Manon Hedenborg White: From Chorazin to Carcosa? The Black Pilgrimage of Jack Parsons and Cameron
Zeit & Ort
Über die Veranstaltung
Rocketeer, poet, and polyamorous proto-feminist, John “Jack” Whiteside Parsons (1914–1952) was one of Aleister Crowley’s earliest and most legendary American followers. In 1946 Parsons performed the “Babalon Working” — a series of magical operations aimed at materializing the goddess Babalon on earth. He was aided in his efforts by L. Ron Hubbard, the future founder of Scientology, and the illustrator and artist Marjorie Cameron (1922–1995), whom Parsons would marry shortly thereafter. As part of these rituals, Parsons penned an inspired text — “Liber 49” — which makes ominous references a mystical journey entitled the “black pilgrimage”. In 1948, Parsons embarked on this dangerous quest, which culminated in his assumption of the title of Antichrist. Though initially unconcerned with the meaning of the Babalon Working, Cameron’s interest in esotericism, astrology, and comparative mythology grew over time. After Parsons’ premature death in an explosion, Cameron’s deepened explorations of magical ritual and visionary states came increasingly to shape her artwork and writings. 1964 witnessed the publication of Cameron’s The Black Pilgrimage, a small book comprising a single, illustrated poem, hinting at a strange, otherworldly journey haunted by grief. This lecture will explore the black pilgrimage in the context of Parsons’ and Cameron’s magical partnership, involvement in Thelema, and Cameron’s later life; the inspirations of the black pilgrimage in gothic horror and weird fiction; and its possible meaning as an initiatory encounter with the terrifying yet awe-inspiring power of the numinous.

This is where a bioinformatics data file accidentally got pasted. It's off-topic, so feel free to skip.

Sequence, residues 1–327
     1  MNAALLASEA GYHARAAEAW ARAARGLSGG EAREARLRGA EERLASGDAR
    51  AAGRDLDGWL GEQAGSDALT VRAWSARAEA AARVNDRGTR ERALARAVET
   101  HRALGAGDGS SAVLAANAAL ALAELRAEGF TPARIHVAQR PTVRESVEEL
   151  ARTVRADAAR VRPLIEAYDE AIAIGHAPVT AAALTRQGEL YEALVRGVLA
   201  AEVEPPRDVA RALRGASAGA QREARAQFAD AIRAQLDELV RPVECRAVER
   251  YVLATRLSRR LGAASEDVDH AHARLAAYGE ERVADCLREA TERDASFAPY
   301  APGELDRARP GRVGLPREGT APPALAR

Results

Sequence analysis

Presented by: Manon Hedenborg White holds a PhD in the History of Religions from Uppsala University. She is the author of The Eloquent Blood: The Goddess Babalon and the Construction of Femininities in Western Esotericism (Oxford University Press, 2019). Her postdoctoral research project, funded by the Swedish Research Council, explores the lives and roles of some of the key women of 20th century Thelema, including Leah Hirsig, Jane Wolfe, and Marjorie Cameron. She is currently a postdoctoral research fellow at Södertörn University and a guest researcher at the University of Amsterdam.
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